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Re: [Filter Effects][css3-transforms] Using MathML for formulas

From: Chris Lilley <chris@w3.org>
Date: Thu, 26 Apr 2012 22:03:16 +0200
Message-ID: <1059781956.20120426220316@w3.org>
To: Rik Cabanier <cabanier@gmail.com>
CC: Paul Topping <pault@dessci.com>, Dirk Schulze <dschulze@adobe.com>, <public-fx@w3.org>
On Thursday, April 26, 2012, 6:33:54 PM, Rik wrote:

RC> I haven't seen any replies from the W3C people.

RC> Chris, who would we ask about this?

I'm aware we discourage/forbid external scripts. I don't know if this is a formal policy or an informal one. It came up in the past when a group tried to add Google analytics to a spec to track who had read it (which also conflicts with the W3c privacy policy).

Bert Bos would know more about the specifics of using MathJax in publications and Ted Guild would know if it is a formal policy and if so what the exact rules are. I will ask around for more information and report back.

RC>  Rik

RC> On Mon, Apr 23, 2012 at 4:44 PM, Paul Topping <pault@dessci.com> wrote:
RC> While you certainly can take your own copy of MathJax as it is
RC> open source, the MathJax Consortium does maintain a CDN that many
RC> of its users point their pages at. You can refer to a fixed
RC> version of MathJax in order to control when to move to a new
RC> version and to test it on your own content before going live.
RC> Paul
RC> From: Rik Cabanier [mailto:cabanier@gmail.com] 
RC>  Sent: Monday, April 23, 2012 3:56 PM
RC> To: Dirk Schulze
RC> Cc: Paul Topping; public-fx@w3.org

RC> Subject: Re: [Filter Effects][css3-transforms] Using MathML for formulas
RC> On Mon, Apr 23, 2012 at 2:44 PM, Dirk Schulze <dschulze@adobe.com> wrote:

RC> On Apr 23, 2012, at 2:29 PM, Paul Topping wrote:

>> I'm confused. What script and demo site are you referring to? What does
>> the popup say?
RC>  http://www.mathjax.org/demos/ tested on IE 9 without MathPlayer plugin.

>> MathJax is very configurable, by the way. I understand about your
 >> reluctance to having a W3C spec require JavaScript but, IMHO, one can't
>> do much on the web these days without JS enabled. How many people really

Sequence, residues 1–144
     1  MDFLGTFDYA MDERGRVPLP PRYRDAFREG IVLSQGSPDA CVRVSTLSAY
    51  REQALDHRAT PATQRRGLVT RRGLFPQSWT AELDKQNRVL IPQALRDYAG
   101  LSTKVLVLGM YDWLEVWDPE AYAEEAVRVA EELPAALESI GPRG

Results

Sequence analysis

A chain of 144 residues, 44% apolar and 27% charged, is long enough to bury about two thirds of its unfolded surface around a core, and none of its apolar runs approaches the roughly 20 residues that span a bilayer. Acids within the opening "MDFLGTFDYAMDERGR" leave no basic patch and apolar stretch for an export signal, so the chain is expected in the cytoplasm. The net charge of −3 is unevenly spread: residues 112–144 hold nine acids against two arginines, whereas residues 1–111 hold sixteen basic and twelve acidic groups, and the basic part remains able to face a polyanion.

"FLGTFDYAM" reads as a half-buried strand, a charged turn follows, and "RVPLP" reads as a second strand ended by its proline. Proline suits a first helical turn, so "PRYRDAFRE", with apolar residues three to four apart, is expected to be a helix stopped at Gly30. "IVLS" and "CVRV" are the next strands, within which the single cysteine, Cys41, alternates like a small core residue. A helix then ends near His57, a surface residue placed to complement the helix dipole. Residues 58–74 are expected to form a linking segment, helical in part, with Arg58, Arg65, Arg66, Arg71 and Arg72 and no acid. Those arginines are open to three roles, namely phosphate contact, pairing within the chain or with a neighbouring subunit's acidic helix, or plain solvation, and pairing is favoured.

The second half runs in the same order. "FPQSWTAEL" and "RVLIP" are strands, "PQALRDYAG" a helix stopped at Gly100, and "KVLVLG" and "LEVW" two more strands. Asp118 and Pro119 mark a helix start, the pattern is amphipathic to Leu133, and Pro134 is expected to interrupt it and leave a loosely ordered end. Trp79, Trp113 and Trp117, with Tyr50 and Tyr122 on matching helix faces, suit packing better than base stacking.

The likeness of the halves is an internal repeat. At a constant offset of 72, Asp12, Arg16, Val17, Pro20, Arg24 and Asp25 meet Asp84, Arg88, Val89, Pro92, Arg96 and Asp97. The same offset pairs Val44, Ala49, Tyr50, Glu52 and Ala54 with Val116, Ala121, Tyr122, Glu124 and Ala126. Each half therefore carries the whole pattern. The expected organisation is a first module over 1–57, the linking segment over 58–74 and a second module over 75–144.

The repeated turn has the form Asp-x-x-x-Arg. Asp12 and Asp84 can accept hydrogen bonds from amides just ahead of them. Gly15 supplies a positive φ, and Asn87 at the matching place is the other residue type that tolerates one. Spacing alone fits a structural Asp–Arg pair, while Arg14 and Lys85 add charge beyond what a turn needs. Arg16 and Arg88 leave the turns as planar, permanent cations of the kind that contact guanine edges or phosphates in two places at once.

>> run with JS disabled these days anyway?
RC> I totally agree. But something that applies to general websites
RC> doesn't necessarily apply to specifications. Some specifications
RC> are still written in pure ASCII text, just to provide long term
RC> achievement (not at W3C). And JavaScript seems to be one of the
RC> things that belong to this kind of category that might make it
RC> harder to provide long term achievement. I am not sure if the W3C
RC> has any preferences to this topic. However MathJax might be
RC> different, since the content does not necessarily rely on the JS library.
RC> It would be good to know what the W3C policy is.
RC> Obviously, we would have to use our own snapshot of MathJax so we
RC> can be sure that there are no breaking changes.
RC> It would make our lives easier and the specs prettier.
RC>  Rik 

>> Paul

>>> -----Original Message-----
>>> From: Dirk Schulze [mailto:dschulze@adobe.com]
>>> Sent: Monday, April 23, 2012 2:23 PM
 >>> To: Paul Topping
>>> Cc: Rik Cabanier; public-fx@w3.org
>>> Subject: Re: [Filter Effects][css3-transforms] Using MathML for
>>> formulas

>>> On Apr 23, 2012, at 2:04 PM, Paul Topping wrote:

>>>> Screen readers work with MathPlayer, the IE plugin that my company
>>> gives
>>>> away for free. (I could not tell you which ones and which versions
 >>>> work.) If MathPlayer is installed, IE uses it to display MathML and
>>>> screen readers use it to turn math into text to be spoken. If the
>>> page
>>>> uses MathJax, and MathJax detects IE+MathPlayer, it defers to
 >>> MathPlayer
>>>> to display the math and screen readers will work fine on the math.